2008-EFRAG-comment

2008-EFRAG-comment

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INTERNATIONAL Route des Morillons 15 Tel: (41 22) 929 88 88 CO-OPERATIVE 1218 Grand-Saconnex Fax: (41 22) 798 41 22 ALLIANCE Geneva E-mail: ica@ica.coop Switzerland Website: www.ica.coop European Financial Reporting Advisory Group (EFRAG) 13-14 avenue des Arts 1210 Brussels Belgium Email: commentletter@efrag.org Geneva, 28 July 2008 Dear Sir/Madam, On behalf of the international co-operative community of 800 million members, we are writing to you to comment on the discussion paper “distinguishing between liabilities and equity” and its potential impacts on co-operative businesses. The International Co-operative Alliance (ICA), established in 1895, is an association of 220 national co-operatives in 87 countries. Our members are highly concerned about the adoption of new international accounting standards and their impact on the co-operative model of business. Co-operatives – a significant part of the global economy The co-operative sector represents a significant contribution to our global economy. According to the ICA annual survey, Global 300, the top 300 co-operatives around the world had nearly $1 trillion in revenues in 2005. That is only slightly less than the economy of the world's ninth largest economy, Canada. Co-operatives create over 100 million jobs, more than all of the multinational corporations combined. Co-operative enterprises also contribute to every sector of the economy and are among the largest ...

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INTERNATIONAL Route des Morillons 15 Tel: (41 22) 929 88 88
CO-OPERATIVE 1218 Grand-Saconnex Fax: (41 22) 798 41 22
ALLIANCE Geneva E-mail: ica@ica.coop
Switzerland Website: www.ica.coop



European Financial Reporting
Advisory Group (EFRAG)
13-14 avenue des Arts
1210 Brussels
Belgium
Email: commentletter@efrag.org

Geneva, 28 July 2008

Dear Sir/Madam,

On behalf of the international co-operative community of 800 million members, we are writing to you
to comment on the discussion paper “distinguishing between liabilities and equity” and its potential
impacts on co-operative businesses.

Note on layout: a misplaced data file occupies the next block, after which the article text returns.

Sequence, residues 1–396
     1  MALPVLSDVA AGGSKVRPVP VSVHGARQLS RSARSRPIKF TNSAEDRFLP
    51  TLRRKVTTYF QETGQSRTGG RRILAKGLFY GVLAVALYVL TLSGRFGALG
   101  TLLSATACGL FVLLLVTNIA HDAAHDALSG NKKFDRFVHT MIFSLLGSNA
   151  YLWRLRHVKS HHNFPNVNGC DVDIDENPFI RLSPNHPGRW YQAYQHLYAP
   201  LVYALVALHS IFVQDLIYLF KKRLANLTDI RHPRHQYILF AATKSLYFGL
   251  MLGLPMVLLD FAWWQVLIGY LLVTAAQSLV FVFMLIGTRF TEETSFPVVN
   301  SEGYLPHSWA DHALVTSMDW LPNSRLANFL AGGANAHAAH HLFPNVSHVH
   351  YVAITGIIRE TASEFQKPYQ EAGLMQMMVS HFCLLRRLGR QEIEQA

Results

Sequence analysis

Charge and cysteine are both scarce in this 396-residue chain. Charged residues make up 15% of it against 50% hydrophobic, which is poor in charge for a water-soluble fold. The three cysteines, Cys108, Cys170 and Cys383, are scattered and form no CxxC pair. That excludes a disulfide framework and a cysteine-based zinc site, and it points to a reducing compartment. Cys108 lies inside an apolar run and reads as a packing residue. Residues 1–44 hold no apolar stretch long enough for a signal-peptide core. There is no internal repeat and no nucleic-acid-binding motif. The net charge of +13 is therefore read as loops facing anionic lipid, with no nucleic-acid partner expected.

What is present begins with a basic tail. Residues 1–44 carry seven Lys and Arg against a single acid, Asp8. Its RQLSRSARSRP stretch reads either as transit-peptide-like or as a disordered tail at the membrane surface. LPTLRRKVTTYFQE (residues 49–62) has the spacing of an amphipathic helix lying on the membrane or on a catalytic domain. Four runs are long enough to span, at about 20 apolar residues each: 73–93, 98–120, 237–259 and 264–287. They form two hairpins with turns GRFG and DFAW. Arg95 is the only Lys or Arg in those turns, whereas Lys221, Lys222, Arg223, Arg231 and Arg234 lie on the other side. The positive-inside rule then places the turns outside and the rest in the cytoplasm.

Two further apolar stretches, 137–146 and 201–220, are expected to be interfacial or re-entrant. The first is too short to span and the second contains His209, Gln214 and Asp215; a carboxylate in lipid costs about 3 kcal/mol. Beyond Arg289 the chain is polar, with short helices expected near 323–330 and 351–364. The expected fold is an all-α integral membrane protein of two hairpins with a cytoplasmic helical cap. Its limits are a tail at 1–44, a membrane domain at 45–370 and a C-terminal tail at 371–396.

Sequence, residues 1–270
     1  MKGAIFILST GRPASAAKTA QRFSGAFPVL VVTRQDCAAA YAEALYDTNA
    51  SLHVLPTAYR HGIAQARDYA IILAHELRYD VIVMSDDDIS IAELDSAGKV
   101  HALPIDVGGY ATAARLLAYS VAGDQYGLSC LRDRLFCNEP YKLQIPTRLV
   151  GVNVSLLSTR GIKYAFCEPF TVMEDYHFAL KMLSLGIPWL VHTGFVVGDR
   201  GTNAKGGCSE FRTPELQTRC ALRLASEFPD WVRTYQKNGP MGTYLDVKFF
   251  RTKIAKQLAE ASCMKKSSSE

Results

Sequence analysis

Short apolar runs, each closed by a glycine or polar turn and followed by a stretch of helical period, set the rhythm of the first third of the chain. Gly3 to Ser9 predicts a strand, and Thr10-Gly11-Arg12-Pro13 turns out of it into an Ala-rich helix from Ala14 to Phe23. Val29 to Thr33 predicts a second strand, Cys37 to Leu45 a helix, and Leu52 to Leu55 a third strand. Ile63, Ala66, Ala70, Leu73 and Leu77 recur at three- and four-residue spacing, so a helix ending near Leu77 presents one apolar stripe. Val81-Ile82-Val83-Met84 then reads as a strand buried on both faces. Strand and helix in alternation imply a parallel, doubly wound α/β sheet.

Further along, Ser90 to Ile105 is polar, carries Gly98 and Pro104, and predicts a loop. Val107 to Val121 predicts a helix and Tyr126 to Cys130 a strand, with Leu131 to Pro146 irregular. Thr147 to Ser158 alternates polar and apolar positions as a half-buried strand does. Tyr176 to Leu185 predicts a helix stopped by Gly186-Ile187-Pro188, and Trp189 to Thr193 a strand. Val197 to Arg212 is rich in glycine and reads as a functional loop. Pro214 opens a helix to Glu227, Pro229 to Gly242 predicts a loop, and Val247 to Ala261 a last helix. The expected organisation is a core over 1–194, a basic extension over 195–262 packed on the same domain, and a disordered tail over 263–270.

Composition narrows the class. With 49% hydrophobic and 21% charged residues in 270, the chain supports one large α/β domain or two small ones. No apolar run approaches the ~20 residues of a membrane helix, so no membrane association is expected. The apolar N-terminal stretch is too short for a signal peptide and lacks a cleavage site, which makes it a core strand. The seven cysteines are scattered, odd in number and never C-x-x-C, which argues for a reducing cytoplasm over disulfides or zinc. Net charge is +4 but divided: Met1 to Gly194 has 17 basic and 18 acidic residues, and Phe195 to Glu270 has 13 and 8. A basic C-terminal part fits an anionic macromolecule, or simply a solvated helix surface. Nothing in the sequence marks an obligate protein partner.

The International Co-operative Alliance (ICA), established in 1895, is an association of 220 national
co-operatives in 87 countries. Our members are highly concerned about the adoption of new
international accounting standards and their impact on the co-operative model of business.
Co-operatives – a significant part of the global economy
The co-operative sector represents a significant contribution to our global economy. According to the
ICA annual survey, Global 300, the top 300 co-operatives around the world had nearly $1 trillion in
revenues in 2005. That is only slightly less than the economy of the world's ninth largest economy,
Canada. Co-operatives create over 100 million jobs, more than all of the multinational corporations
combined. Co-operative enterprises also contribute to every sector of the economy and are among the
largest businesses in the world.
The main characteristics of co-operative member shares
As co-operatives are member-owned businesses, their equity is provided by their members. A co-
operative member will make an equity investment, often nominal, in a co-operative upon becoming a
member. This investment represents a member’s ownership interest in the co-operative.

Although co-operative legislation/s can be very different from one country to another, co-operative
member shares have common characteristics.

Member shares are recognised by members as risk capital. In the unfortunate incidence of a
bankruptcy, member shares participate in losses if the co-operative’s own funds (which are usually
comprised of retained earnings) cannot cover the losses.

In most cases, there is no active market for co-operative shares. The member’s interest is generally not